Bond yields heavily influence what people pay for a mortgage. In general, the more government bond-buying there is, the lower fixed mortgage rates go.
Explainer: Bond prices and bond rates (yields) always move inversely. Fixed mortgage rates are benchmarked against bond yields.
Governments around the world are manipulating mortgage rates by buying their nations’ own debt.
Take the U.S. Federal Reserve, for example. It’s bought up over 16% of America’s massive Treasury market.
But, percentage-wise, that’s conservative compared to our very own central bank. The Bank of Canada owns almost double that percentage. So far, the BoC has snapped up over 30% of Canada’s $1.04 trillion Government of Canada bond and Treasury bills market (as of Sept. 8, according to the Bank of Canada).
This chart below shows how dramatically the BoC has stepped up its bond-buying.
Investors are less likely to sell government bonds knowing the BoC has a standing buy order. And whenever investors do sell bonds—which would normally drive up rates, other things equal—the BoC is there waiting to scoop them up. If 5-year bond prices won’t go down, yields (and mortgage rates) can’t go up.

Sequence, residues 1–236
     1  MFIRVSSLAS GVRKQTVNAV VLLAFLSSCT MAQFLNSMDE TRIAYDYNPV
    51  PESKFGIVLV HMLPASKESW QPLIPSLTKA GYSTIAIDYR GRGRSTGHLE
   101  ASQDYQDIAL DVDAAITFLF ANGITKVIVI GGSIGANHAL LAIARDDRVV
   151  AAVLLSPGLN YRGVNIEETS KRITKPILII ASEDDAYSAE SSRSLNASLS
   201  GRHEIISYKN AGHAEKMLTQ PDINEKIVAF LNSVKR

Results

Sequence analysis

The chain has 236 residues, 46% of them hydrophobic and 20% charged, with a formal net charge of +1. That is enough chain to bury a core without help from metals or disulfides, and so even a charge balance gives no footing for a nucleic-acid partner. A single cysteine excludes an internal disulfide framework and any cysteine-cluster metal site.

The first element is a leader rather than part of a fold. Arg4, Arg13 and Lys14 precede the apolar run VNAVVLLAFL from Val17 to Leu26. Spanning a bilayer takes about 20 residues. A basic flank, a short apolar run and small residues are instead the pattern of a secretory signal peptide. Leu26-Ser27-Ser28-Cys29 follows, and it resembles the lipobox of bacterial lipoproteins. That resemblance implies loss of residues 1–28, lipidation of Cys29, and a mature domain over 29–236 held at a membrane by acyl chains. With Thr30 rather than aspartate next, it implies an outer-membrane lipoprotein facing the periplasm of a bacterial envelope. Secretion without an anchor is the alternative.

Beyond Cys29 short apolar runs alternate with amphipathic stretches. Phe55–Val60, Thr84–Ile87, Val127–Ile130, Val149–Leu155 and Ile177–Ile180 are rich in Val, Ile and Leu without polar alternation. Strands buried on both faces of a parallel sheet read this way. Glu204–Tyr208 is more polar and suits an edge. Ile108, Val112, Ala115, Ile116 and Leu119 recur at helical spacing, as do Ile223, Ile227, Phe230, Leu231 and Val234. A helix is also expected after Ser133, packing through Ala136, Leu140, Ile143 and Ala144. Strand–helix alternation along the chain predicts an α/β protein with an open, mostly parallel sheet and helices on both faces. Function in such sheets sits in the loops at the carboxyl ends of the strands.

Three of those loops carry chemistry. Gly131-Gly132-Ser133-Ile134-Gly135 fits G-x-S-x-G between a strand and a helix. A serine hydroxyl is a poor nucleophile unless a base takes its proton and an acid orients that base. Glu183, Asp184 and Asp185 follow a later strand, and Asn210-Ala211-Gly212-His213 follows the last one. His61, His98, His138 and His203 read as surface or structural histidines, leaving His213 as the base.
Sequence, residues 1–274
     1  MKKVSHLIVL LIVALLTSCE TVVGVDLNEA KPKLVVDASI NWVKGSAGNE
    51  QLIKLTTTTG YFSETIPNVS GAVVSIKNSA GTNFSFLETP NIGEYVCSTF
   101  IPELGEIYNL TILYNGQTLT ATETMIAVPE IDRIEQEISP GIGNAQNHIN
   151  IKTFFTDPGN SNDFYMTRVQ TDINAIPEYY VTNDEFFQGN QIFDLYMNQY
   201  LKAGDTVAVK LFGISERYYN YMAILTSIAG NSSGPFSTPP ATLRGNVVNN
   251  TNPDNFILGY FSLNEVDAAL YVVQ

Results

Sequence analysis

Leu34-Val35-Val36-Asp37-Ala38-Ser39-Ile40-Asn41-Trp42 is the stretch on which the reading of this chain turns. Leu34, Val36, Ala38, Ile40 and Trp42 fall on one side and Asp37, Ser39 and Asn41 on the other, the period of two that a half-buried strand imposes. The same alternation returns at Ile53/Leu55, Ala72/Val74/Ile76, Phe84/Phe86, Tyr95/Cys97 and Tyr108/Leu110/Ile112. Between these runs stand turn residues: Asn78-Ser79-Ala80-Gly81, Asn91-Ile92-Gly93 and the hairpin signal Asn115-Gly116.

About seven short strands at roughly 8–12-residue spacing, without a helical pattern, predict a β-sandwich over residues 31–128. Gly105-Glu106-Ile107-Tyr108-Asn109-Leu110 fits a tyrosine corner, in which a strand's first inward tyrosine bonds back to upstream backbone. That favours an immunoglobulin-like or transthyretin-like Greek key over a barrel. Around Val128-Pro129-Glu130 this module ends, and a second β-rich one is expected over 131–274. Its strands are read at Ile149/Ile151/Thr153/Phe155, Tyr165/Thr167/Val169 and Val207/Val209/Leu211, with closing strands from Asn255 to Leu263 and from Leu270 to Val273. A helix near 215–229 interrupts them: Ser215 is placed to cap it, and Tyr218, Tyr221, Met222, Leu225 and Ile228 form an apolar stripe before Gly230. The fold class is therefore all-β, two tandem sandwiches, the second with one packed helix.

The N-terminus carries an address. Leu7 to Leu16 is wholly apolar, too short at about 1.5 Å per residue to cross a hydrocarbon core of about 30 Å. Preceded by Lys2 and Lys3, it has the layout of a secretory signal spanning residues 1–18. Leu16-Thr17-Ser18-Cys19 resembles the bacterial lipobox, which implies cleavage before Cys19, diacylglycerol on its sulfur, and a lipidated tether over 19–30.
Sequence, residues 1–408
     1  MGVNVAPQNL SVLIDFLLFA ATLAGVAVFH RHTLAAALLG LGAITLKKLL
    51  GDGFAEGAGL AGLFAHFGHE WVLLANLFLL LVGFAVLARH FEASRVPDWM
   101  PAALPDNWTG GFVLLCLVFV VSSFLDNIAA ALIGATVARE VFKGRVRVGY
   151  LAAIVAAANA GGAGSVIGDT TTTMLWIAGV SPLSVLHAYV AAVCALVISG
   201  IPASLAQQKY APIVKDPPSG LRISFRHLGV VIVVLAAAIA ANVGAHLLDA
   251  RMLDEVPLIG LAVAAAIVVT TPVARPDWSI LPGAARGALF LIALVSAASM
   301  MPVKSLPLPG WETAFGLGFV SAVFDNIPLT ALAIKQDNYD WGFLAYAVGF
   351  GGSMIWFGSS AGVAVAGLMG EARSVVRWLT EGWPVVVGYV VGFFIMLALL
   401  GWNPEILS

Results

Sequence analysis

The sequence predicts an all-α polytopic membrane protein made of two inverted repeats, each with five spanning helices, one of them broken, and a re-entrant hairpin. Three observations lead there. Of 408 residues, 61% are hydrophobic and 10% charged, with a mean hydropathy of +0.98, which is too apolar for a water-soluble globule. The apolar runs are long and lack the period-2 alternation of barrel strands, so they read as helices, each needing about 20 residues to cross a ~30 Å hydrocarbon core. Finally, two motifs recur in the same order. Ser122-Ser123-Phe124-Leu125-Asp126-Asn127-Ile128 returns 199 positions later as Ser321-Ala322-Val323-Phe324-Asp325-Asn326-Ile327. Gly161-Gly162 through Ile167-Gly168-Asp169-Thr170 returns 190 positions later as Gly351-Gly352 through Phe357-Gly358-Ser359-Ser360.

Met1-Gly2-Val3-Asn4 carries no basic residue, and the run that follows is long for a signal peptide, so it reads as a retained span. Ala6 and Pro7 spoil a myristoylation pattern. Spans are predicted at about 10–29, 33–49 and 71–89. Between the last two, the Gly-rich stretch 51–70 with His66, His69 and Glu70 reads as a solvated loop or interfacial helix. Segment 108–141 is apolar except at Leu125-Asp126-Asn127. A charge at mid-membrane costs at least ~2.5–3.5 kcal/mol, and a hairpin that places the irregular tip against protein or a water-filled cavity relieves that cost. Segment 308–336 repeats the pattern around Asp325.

As mentioned, all this central bank buying is keeping yields unusually flat. Volatility in Canada’s bond market is now the lowest it’s been this millennium. There’s something somewhat eerie about that, knowing that calm always appears before a bond market storm.
That storm is (hopefully) far off on the horizon, but it’s coming at some point. Borrowers should prepare to batten down the hatches when it does—i.e., when the BoC stops buying bonds or, heaven forbid, starts selling them.
Just last week, the Bank of Canada trimmed its Treasury Bill purchases, showing that its buying is not limitless.